So let’s start off with Craig Hallam, a fellow Brit. I read Greaveburn a while back and it’s one of those books I can’t help but pick up and read again every so often. (I think I’ve read it four times now.) He also has the Alan Shaw stories, and more. Check his work out here: https://craighallam.wordpress.com/books/

Now I must mention the great authors at my own publisher. While I don’t claim to have read everyone I have read Aly Grauer, Ben Ireland, Russell Smith, and several others. Don’t miss out on some outstanding stories: http://www.xchylerpublishing.com/our-books/

That’s all I have time for today; I’m eager to get on with timelining my own next book. So until next time . . .

Books Are Good For Your Brain

Something I’ve been told I don’t do often enough (tooting your own horn feels wrong, somehow): promoting my books. You can find all the links here:

https://petefordwriter.com/books

That’s it for now (the day-job is keeping me too busy to do more at the moment). In a future post (soon . . . very soon) the plan is to promote some books by other lesser-known authors. Watch this space.

Contingency Plan

I have this book written; it’s a full-length SF/Steampunk story, around 90,000 words long. At the moment it has a working title of Smoke & Mirrors, but I can’t really use that (Neil Gaiman has a short story collection out with that name). I do have a better title but I’m keeping it under my hat for now. I might not be able to use that one, either—it turns out that it’s very similar to the name of another short story collection, this one from the 1970s. No matter; if I find a publisher they can make that call.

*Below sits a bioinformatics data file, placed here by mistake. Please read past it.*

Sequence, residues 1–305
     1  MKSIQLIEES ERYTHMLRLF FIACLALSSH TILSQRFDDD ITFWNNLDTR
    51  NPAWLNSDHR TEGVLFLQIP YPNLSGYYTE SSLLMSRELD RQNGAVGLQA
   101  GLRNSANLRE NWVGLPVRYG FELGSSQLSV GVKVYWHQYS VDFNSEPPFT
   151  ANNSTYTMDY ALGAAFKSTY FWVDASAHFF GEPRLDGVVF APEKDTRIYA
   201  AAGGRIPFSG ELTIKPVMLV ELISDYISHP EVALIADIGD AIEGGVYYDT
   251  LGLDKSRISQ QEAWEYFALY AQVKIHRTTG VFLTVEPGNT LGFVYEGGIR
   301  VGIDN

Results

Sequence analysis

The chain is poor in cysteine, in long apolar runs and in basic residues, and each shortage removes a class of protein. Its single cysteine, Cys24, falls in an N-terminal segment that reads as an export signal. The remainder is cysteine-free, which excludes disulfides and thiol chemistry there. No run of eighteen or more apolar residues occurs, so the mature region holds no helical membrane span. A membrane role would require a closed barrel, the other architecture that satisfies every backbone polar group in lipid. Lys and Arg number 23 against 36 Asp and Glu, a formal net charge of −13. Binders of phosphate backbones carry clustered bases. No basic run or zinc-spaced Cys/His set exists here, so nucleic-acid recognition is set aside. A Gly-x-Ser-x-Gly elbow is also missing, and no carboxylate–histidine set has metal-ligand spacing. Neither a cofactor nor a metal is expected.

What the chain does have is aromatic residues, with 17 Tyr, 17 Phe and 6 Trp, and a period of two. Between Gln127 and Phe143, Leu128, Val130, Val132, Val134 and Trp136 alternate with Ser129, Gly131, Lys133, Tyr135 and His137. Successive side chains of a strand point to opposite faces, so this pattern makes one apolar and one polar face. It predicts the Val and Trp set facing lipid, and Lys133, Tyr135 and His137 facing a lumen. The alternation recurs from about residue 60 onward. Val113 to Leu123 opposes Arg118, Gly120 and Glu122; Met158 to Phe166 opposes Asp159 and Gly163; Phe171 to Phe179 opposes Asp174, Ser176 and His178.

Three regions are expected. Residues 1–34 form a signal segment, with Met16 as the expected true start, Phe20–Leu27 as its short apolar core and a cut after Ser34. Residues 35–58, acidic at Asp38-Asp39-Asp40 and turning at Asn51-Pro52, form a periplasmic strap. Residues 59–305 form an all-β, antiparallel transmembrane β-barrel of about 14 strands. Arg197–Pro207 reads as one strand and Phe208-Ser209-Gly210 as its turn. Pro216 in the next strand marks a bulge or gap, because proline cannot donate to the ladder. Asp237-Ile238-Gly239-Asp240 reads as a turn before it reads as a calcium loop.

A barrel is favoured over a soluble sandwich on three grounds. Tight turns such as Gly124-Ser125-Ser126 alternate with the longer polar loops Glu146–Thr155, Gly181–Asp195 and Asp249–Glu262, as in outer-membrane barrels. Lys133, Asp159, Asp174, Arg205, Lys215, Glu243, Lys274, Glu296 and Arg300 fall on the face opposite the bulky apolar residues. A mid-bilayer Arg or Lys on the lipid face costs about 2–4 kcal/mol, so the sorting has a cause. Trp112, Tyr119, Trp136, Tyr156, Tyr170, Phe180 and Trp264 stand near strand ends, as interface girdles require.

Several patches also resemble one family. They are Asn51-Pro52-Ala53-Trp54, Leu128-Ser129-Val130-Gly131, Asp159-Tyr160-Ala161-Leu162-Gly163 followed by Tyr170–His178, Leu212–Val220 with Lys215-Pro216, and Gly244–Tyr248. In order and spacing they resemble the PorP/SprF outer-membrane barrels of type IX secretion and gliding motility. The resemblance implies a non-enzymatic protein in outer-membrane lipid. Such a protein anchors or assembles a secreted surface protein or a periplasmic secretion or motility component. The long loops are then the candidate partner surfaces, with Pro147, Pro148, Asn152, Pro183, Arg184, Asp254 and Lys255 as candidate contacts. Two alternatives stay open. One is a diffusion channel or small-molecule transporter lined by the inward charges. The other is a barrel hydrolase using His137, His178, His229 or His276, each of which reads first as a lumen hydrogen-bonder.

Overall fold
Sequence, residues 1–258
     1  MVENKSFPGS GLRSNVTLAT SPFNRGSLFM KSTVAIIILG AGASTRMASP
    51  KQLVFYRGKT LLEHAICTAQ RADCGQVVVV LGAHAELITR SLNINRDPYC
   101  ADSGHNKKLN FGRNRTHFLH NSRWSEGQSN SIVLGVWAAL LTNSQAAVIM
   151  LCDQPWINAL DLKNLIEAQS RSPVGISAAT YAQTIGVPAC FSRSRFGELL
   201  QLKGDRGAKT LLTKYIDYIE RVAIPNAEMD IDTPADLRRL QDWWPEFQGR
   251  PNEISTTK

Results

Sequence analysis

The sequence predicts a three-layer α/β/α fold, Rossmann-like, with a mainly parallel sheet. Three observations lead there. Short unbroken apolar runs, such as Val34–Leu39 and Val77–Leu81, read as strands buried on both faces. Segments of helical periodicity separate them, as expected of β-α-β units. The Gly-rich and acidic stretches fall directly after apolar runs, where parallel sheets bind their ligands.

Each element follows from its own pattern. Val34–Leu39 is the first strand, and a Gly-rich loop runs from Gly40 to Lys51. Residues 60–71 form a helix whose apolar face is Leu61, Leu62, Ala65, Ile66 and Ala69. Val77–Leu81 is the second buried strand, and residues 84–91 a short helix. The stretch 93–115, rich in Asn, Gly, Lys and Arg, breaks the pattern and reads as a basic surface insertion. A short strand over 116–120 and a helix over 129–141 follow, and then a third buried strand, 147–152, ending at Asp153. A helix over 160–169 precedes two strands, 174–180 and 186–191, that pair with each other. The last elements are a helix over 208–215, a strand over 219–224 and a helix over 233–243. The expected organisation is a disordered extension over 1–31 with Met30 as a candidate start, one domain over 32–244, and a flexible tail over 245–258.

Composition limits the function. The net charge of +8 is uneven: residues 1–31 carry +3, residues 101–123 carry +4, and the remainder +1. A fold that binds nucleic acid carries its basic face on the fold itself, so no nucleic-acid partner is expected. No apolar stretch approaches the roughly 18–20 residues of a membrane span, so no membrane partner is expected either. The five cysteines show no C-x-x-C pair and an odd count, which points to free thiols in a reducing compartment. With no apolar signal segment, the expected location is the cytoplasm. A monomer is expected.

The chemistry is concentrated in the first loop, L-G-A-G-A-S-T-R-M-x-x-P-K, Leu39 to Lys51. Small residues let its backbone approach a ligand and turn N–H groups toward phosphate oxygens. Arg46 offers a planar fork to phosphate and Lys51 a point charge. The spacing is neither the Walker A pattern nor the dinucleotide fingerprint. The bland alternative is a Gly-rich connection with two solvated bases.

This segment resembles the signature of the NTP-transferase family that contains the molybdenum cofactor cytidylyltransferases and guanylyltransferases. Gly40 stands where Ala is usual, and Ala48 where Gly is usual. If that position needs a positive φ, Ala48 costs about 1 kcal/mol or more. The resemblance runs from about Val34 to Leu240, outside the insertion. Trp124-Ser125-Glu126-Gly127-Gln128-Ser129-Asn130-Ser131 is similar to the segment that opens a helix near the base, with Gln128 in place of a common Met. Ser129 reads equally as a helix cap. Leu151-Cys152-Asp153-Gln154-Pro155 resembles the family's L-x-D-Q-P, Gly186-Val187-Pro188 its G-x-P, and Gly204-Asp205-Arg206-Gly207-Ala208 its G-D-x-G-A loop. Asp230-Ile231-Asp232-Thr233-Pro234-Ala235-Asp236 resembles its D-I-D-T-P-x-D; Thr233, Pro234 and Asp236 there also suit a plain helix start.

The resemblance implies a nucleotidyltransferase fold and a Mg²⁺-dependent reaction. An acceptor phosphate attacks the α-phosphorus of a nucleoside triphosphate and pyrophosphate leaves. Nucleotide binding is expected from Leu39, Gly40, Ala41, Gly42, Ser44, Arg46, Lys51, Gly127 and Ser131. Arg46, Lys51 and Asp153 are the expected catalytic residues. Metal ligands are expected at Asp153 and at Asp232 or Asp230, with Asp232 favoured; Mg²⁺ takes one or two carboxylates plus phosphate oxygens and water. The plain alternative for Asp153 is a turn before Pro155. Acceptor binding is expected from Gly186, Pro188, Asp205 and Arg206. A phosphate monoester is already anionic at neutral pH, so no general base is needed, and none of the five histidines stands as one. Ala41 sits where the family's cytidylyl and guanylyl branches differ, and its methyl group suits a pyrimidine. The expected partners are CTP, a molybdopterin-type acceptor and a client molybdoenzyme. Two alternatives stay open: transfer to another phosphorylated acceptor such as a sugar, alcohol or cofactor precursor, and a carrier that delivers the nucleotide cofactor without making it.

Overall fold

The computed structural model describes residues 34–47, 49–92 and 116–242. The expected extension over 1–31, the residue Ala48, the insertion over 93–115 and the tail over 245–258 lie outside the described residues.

But that’s a big If. Right now I have the typescript out with some agents, and the indications are that all I’m going to see is rejection letters. It’s par for the course, really; only a small fraction of books get picked up by agents because they have to be picky about what they take on. After all, they have to bear costs until the book hits shelves and starts making cash, and even then their slice isn’t going to pay the rent if the book doesn’t sell. Fifteen percent of zero doesn’t go very far.

My problem here is that it could easily be December or even later before all the agents get back to me (and I don’t expect them all to reply, either—some agents only seem to reply to the few percent of queries that they want to pursue, leaving the rest to hang; one that I’ve queried this time round has a response rate of 4.4%, so I really don’t expect to hear a peep from that direction).

So here’s the quandary: If all the responses are going to be rejections, then I’m wondering: why should I wait for the bad news before moving? Why not just self-pub the book anyway? Then, in the event that one of the agents does actually show an interest, I can always un-publish.